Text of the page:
Later I met up with Rachael, my host for the night. A friend of mine since high school (and also a member of the kickass Missoula-based riot grrl band Blaine Janes, which you should check out) , Rachael was one of the many kind souls who unexpectedly reached out to me when I announced the Ghost on the Highway Tour a couple weeks ago. She and her roommate were generous enough to accommodate my sweaty, half-baked ass for the night as we chatted over beers on a warm Montana night.
The topic of forest fires came up again and I learned of Montana’s “Fire Culture,” something I never even imagined as a thing. It’s an ever-present threat out there, a cruel fact of life that commands a great deal of attention, research, employment, and controversy. I was utterly engrossed to hear about it. It’s one thing to skim through articles in a local paper, which I’ve been half-heartedly doing, but quite another to hear it first-hand from locals.
Driving West on I-90 the next morning, I had an opportunity to glance at the impact of a timberland inferno first hand. About 45 minutes outside of Missoula I saw a sign that said, “Fire Activity Ahead, Do Not Stop”. Out beyond the peaks one could see big clouds of smoke creeping over the landscape. The clouds eventually blocked out the sky (forcing my car’s auto-lights to come on) and the smell engulfed everything. It smelled like a campfire but fouler, danker, more sinister; a campfire of death.
It was a smell I actually recognized. Five years ago my parents’ house burned to the ground. It was, obviously, a massive tragedy, our own personal 9/11. I arrived at the scene when the flames were still roaring and I’ll never forget the smell; that nasty, carbonic stench of destruction and hatred. This forest fire had a similar smell, the smell of life being melted away. (Still, I couldn’t resist the urge to incorporate it into a selfie).
I arrived in Seattle in the middle of the afternoon. Seattle is unique among the destinations of the Ghost on the Highway Tour in that it is the only city I’ve actually lived in. I went to the University of Washington, majoring in Political Science and minoring in Getting High and Not Really Taking Shit Seriously.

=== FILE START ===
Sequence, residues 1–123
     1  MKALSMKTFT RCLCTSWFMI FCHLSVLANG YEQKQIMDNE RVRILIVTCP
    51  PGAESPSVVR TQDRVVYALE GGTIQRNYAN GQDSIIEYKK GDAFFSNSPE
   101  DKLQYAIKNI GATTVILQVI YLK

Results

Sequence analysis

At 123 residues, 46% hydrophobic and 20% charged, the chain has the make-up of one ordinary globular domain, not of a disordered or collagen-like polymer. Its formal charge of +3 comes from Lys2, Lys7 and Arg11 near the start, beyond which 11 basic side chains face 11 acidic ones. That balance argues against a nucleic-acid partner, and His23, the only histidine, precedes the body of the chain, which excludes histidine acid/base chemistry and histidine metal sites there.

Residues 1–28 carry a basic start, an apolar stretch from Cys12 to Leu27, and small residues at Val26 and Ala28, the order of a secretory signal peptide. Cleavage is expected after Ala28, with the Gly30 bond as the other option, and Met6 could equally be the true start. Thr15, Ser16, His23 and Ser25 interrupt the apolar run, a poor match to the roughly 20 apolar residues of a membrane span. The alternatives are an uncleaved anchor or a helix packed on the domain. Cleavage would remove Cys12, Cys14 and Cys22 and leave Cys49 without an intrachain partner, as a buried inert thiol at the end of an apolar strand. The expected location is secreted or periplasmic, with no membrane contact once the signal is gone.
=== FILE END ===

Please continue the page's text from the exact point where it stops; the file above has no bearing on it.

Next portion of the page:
One of my good friends from that era was a guy named Brandon, and he was kind enough to host me for the first two nights of my stay in the Emerald City. He patiently put up with me as I dragged my various scattered bags of clothes, toiletries, books and device chargers into his Capitol Hill condo. We hung out on the roof, where the evening sky was filtered by a smoky haze not unlike the one in Missoula (this one happened to originate in British Columbia).
Throughout the night we talked about our lives; we’re of similar age and it seems we’ve both had recent experiences that have forced us to re-evaluate our own situations, our own goals. Maybe everyone goes through something like this, or maybe it only happens to smart, self-aware, introspective people. Either way it’s enormously helpful to be able to share and relate to these experiences, and to do so from a place of honesty and acceptance.
With both Rachael and Brandon, I hadn’t realized how hungry I was for human connection until I finally had a taste. This blog is published under my name, but Ghost on the Highway belongs to a wide range of people, people who have and will provide support and comfort and encouragement. No man is an island, and I could not do this without them.
And yes, that includes you, dear ghostling.